Wednesday, March 5, 2014

Disaster Management

Disaster Management in Phailin was remarkable in its aspect of losing minimum lives when faced with challenge of massive proportion. India evacuated more than half a million people as massive Cyclone Phailin hit eastern ghats at Odisha and Andhra Pradesh. An early warning and timely actions saved countless lives. Earlier entire nation prays for the well-being of the people of disaster struck zone. Yet never care to plan. Things started changing with 1999 Odisha cyclone. And even world bank blog has put an article on the preparation by Odisha government.

In the case of flood/tsunami/cyclone, torrential rains always play havoc and diseases are rampant due to decaying carcass. The relief center must be equipped with grains, deworming pills, Trampoline sheet, dhoti/lungi with saree, mosquito net, blanket, towel & utensil kitchen as an immediate requirements for the household affected with cyclone. My prior experience on preparation for disaster management was itself a big lesson.

I was posted in Ganjam district with Panchyati Raj Department after one month of cyclone Phailin. I observed that mangroves have lowered the full impact of cyclone in the coastal region. Even 50 km from the coast, the brick mortar schools were partially destroyed by the storms.  On enquiring about the relief work at block level,  I was given brief on the help provided by administration post disaster. There were 33,283 households in Bhanjanagar. They were provided with kerosene oil, jaggery and flattened rice (chuda) of two months supply. 50 kg of grains and Rs 500 were given to each household. Plastic cover roof was in demand more than anything. Ganjam was worst hit by the Phailin and the accounts were horrifying.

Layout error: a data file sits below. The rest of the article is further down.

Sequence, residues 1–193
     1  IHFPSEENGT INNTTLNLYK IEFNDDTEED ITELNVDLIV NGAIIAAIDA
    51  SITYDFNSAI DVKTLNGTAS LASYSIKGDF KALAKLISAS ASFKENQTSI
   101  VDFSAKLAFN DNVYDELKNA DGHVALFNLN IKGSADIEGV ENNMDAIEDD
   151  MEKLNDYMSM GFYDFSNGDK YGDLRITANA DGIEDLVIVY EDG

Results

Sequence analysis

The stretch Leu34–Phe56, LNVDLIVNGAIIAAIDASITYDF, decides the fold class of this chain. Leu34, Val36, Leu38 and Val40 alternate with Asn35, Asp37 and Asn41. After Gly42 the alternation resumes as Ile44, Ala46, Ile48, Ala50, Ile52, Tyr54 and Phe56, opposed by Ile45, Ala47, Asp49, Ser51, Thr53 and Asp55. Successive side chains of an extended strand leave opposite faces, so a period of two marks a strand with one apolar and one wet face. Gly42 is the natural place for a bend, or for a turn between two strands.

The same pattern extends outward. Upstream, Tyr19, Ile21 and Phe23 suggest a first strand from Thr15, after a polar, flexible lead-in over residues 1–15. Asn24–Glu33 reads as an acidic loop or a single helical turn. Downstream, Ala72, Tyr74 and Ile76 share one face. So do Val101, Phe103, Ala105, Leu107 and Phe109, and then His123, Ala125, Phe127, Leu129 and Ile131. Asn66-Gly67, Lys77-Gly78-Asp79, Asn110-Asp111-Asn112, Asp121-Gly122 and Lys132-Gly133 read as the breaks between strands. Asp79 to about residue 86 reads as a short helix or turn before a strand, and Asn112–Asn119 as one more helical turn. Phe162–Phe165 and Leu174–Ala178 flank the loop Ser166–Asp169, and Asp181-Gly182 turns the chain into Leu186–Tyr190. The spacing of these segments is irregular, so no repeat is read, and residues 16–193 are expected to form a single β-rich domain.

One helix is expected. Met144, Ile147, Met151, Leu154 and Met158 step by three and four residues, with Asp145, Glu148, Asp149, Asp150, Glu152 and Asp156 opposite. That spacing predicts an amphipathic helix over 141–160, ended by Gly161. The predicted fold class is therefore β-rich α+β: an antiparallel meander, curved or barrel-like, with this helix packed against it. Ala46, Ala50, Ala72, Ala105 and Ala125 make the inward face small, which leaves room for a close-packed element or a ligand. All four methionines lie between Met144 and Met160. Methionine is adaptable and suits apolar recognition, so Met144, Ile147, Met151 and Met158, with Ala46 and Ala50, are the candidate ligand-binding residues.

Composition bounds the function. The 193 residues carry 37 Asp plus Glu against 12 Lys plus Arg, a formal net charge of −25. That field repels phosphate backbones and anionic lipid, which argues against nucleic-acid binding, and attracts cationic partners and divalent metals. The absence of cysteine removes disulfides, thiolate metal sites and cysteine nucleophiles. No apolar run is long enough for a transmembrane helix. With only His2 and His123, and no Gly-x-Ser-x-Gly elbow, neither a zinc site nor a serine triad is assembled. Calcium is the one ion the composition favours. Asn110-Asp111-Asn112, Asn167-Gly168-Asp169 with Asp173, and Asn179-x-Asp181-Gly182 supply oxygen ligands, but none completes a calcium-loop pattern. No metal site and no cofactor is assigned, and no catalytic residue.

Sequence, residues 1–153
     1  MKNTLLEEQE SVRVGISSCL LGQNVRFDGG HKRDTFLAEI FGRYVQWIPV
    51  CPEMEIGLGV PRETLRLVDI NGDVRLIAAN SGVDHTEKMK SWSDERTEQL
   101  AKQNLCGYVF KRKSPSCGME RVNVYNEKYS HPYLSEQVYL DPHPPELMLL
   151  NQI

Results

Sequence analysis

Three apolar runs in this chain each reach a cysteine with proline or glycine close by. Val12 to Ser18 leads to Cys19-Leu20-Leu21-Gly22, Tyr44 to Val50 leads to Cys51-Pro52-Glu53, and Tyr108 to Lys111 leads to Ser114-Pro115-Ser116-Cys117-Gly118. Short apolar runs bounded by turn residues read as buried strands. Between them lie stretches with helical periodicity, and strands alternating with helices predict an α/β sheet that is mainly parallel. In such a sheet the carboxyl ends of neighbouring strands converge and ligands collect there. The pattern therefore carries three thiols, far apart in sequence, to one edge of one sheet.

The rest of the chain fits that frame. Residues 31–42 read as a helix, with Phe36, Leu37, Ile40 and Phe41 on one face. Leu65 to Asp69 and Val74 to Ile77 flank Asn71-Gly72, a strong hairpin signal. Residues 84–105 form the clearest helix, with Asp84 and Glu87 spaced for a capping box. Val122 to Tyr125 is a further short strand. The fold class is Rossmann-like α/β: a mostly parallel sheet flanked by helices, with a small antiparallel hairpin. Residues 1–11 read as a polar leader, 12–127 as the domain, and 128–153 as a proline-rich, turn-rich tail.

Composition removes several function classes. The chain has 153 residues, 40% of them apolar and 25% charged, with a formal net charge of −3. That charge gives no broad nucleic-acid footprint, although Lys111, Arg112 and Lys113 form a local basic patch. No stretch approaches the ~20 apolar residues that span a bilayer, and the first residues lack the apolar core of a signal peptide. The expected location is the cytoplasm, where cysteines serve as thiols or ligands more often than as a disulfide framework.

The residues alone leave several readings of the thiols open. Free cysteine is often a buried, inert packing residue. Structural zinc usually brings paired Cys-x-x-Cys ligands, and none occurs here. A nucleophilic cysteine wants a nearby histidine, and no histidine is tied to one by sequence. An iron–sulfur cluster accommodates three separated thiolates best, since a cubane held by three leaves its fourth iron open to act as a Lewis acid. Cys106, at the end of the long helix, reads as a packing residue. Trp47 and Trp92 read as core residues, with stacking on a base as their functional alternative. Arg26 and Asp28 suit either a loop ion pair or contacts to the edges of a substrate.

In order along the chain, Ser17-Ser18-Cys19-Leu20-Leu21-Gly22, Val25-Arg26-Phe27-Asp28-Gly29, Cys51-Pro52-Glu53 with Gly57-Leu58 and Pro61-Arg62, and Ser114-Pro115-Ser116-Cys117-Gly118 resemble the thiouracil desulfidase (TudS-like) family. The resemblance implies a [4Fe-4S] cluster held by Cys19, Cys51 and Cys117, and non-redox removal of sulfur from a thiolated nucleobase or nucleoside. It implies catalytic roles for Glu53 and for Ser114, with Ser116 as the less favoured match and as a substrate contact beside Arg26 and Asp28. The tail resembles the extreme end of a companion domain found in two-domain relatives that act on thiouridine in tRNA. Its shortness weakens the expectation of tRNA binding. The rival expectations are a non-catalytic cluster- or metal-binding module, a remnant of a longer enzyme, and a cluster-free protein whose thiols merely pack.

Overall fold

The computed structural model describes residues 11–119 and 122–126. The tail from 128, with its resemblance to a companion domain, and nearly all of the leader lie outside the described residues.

There is lack of access to basic resources to sustain livelihood for the community. There must be careful planning with Donor funds coming for rehabilitation. Poor countries have become fighting arena of NGOs on international aid after each disaster. And all the international aid and investment is mostly consumed by INGOs, private companies involved in the relief effort. Even missionary organization pops up for saving the soul of unbelievers post disaster with charity. When disaster strikes, who profits? This is the key question for policy level to eliminate corruption and inefficiencies. No other country in the world has more non-governmental organizations (NGOs) per capita as Haiti. Yet we all know about real face of international relief after 2010 earthquakes. (Source 1 and Source 2).

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